One of the main queries that Spanish teachers have at the beginning of their careers, is how they should structure course content appropriately to match student ability and knowledge.
In my case, I keep track of the Common European Framework of Reference for Languages (CEFR) which is a guideline used to describe achievements of learners of foreign languages. Moreover, it divides learners into three broad divisions (A, B and C) that can be further divided into six levels (A1, A2, B1, B2, C1, C2). For each level, it describes what a learner should be able to do in reading, listening, speaking and writing.
In this post, I focus on the initial level A1, which I have divided in another 3 parts (A1.1 / A1.2 / A1.3) so that the information can be used in one large course or in 3 shorter courses. In either of these ways the Spanish student will have completed A1:
For better exposure, I have created 3 tables with some series of communicative, grammatical and lexical resources to implement in an initial Spanish learner. Before introducing the content, I want to highlight that I have taken as a guide “difusión” an editorial of ELE, the CEFR and my own experience. Just to clarify, this is not the only way to teach Spanish. It’s just a guide, my guide.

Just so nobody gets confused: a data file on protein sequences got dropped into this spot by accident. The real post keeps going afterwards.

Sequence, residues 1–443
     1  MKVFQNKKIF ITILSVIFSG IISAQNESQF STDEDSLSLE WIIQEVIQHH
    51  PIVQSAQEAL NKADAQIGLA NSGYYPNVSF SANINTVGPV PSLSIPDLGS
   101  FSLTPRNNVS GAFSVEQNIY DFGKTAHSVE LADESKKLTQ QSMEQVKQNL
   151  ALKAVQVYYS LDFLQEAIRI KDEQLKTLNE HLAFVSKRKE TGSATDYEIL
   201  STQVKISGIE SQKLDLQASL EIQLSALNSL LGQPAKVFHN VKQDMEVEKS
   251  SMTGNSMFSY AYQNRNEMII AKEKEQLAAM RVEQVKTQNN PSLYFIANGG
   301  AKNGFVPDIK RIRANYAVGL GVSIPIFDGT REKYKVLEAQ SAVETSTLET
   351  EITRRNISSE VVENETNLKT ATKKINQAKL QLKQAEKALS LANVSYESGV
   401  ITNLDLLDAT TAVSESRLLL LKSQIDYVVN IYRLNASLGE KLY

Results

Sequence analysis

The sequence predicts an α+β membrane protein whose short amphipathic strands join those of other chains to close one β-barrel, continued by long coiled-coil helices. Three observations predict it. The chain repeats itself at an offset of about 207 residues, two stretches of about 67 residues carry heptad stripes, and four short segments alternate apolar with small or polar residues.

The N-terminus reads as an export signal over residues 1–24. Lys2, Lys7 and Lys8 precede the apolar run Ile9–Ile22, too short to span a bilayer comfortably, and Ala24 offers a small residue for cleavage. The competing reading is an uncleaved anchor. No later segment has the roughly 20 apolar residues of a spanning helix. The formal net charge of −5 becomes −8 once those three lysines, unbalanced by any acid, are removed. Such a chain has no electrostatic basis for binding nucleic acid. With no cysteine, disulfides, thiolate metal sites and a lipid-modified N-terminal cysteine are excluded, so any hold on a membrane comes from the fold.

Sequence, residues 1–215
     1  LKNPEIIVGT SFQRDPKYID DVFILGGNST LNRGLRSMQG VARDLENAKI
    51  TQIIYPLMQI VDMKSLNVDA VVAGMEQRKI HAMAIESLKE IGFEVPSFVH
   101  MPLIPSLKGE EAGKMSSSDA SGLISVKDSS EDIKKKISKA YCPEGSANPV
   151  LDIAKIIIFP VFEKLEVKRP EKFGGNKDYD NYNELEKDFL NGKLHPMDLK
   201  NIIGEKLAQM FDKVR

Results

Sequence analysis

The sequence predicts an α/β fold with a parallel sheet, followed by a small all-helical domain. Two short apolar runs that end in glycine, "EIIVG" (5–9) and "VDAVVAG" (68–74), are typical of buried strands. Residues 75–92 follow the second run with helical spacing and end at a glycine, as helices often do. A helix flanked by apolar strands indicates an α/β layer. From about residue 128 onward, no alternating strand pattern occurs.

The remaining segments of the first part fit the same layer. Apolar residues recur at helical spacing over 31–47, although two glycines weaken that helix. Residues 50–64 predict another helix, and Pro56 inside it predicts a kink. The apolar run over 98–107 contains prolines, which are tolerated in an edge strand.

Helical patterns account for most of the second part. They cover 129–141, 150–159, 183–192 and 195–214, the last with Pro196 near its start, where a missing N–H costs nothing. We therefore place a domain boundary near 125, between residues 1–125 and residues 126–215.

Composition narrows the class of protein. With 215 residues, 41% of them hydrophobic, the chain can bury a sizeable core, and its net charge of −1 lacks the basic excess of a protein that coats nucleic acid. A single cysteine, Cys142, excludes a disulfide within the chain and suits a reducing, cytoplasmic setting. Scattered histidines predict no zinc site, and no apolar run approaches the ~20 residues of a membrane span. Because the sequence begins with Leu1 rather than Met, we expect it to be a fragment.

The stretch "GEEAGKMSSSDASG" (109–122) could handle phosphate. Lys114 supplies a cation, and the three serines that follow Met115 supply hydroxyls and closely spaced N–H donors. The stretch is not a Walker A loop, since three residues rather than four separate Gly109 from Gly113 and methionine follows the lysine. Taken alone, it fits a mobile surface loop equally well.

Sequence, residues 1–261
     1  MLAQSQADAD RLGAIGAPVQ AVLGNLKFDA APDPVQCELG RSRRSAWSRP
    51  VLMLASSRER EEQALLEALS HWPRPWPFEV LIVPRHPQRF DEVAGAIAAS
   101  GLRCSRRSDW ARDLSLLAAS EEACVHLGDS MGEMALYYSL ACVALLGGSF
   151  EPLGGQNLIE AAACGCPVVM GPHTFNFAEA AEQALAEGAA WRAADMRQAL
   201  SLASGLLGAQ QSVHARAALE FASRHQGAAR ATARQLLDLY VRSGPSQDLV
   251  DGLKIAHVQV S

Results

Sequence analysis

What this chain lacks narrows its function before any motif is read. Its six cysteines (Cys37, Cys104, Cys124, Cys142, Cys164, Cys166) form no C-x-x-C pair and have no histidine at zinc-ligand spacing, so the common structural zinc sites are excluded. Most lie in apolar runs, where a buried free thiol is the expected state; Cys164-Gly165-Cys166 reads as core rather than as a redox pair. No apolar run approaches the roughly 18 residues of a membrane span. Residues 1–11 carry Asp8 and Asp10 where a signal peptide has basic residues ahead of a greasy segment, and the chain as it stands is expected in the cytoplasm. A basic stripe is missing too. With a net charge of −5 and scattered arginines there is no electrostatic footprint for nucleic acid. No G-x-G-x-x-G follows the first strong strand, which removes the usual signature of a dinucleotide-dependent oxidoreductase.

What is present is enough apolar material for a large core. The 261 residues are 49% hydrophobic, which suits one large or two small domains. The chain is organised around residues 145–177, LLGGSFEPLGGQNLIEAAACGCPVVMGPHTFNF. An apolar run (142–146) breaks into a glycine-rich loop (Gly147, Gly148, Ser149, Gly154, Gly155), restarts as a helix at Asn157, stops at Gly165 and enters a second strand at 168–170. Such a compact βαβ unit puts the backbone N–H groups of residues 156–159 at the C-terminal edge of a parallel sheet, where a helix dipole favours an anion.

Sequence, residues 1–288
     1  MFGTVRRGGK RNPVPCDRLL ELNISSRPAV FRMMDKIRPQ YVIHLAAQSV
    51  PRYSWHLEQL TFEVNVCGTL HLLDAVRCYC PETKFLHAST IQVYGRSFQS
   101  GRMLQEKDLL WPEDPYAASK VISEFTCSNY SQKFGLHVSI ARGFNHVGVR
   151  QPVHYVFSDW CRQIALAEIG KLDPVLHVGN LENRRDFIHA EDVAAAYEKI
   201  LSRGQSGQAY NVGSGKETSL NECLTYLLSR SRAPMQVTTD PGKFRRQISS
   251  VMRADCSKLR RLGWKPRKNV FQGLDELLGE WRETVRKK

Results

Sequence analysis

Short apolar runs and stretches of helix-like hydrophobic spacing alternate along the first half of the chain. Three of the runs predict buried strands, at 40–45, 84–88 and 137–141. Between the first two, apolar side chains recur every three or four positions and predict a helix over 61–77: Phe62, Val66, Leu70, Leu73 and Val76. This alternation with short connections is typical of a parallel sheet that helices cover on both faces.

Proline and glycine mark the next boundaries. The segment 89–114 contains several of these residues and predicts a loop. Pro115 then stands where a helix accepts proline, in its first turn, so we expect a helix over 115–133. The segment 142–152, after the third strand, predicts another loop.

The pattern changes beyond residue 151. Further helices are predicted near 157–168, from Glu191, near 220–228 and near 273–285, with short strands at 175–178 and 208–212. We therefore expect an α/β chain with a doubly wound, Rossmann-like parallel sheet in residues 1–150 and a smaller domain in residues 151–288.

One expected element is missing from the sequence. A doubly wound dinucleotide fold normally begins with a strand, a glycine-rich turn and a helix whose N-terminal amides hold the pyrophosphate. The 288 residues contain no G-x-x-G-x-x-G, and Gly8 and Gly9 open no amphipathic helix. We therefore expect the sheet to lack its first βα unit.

In first place, I present the A1.1. This course has the peculiarity that it is addressed to students who do not have previous knowledge of Spanish, beyond “hola” or “amigo”. As I said, there is no wrong content but it is important that the content you present to your students is as useful as it can be. It is then much easier for students form a commitment and stay motivated.
Following the above notes, I introduce my proposal about what we should teach in A1.1:
The below table puts forward the intermediate level within A1, which we have called A1.2
Lastly, we have A1.3. Regarding this approach, once it is done, the level A1 is completed.